Introduced. Perennial. Propagates by seeds. Time of bloom: May to September. Seed-time: June to October. Range: Throughout the United States and Canada; most common and troublesome at the North. Habitat: Meadows, pastures, roadsides, and waste places.

The juices of this weed are so acrid as to draw blisters when applied to the skin. Grazing cattle seem to know its character and shun the plant. This irritant quality is dispelled in drying, however, and, though as hay the plant is woody and innutritious, it will not then injure the mouths and intestines of animals that eat it.

Stem two to three feet tall, springing from clustered and fibrous roots, erect, hollow, hairy, branched at top. Basal leaves tufted, three- to seven-parted, the divisions again cleft into several narrow, pointed lobes; petioles long, slender, and hairy; upper leaves short-petioled, distant, usually three-parted. Flowers bright yellow, nearly an inch broad, the five petals broadly obovate, much longer than the spreading calyx. Fruits in small, globose heads, the achenes somewhat compressed, and with short-pointed beaks. (Fig. 109.)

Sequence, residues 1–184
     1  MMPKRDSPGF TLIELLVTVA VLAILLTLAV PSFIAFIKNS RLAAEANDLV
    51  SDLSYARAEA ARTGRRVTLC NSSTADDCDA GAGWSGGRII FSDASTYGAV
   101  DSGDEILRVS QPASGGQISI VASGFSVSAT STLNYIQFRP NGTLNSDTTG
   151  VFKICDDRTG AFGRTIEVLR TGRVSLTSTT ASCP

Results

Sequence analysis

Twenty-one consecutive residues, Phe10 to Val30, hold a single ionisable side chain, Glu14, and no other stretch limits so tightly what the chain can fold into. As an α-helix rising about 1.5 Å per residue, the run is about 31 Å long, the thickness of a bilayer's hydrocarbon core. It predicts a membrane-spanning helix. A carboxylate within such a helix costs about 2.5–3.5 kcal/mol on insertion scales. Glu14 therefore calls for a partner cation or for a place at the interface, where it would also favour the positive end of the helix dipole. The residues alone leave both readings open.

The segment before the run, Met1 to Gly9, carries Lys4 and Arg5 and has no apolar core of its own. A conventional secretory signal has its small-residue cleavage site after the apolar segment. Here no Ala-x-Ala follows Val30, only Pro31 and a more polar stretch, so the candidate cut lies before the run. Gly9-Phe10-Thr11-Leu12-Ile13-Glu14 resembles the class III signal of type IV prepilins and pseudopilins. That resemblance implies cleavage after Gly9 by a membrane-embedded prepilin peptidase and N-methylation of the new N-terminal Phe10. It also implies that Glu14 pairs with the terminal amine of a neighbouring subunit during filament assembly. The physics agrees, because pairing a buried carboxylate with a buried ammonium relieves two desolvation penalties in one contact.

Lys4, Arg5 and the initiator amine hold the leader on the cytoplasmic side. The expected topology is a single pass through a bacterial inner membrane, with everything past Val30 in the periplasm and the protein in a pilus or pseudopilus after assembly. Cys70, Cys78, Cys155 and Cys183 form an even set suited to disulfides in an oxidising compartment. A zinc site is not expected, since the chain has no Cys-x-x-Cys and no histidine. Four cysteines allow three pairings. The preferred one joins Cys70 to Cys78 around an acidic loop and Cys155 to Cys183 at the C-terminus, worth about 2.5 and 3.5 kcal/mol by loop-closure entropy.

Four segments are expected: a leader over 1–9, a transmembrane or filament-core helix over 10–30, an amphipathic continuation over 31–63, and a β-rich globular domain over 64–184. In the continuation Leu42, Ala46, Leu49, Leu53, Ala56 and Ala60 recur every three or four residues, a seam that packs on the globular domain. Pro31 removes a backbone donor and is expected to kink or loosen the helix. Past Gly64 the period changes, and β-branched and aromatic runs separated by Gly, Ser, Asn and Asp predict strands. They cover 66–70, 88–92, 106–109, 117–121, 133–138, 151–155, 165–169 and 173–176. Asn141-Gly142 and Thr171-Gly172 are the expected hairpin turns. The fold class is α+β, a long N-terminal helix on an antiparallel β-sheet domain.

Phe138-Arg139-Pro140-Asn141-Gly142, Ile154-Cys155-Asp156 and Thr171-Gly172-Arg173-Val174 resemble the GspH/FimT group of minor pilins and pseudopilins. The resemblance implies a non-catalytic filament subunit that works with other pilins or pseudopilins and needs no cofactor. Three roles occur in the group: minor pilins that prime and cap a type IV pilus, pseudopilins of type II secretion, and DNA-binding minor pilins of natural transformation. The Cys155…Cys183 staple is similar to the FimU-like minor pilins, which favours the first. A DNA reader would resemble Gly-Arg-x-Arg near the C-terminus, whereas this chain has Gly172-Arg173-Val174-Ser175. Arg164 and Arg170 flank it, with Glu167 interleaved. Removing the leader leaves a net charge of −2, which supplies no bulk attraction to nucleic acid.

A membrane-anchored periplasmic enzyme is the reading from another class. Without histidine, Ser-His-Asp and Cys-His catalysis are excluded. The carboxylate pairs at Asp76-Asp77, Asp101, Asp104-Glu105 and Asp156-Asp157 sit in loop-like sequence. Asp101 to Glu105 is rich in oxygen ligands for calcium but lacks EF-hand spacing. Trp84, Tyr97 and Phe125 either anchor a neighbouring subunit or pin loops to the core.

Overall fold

Means Of Control

Where the plants are few, pulling and hoe-cutting will repay the labor; but grass lands too rankly cursed with Ranunculus should be broken up and put to cultivated crops, and well fertilized and tilled for a year or two before being reseeded heavily with clean seed.

Fig. 109.   Meadow Buttercup (Ranunculus acris). X 1/4.

Fig. 109. - Meadow Buttercup (Ranunculus acris). X 1/4.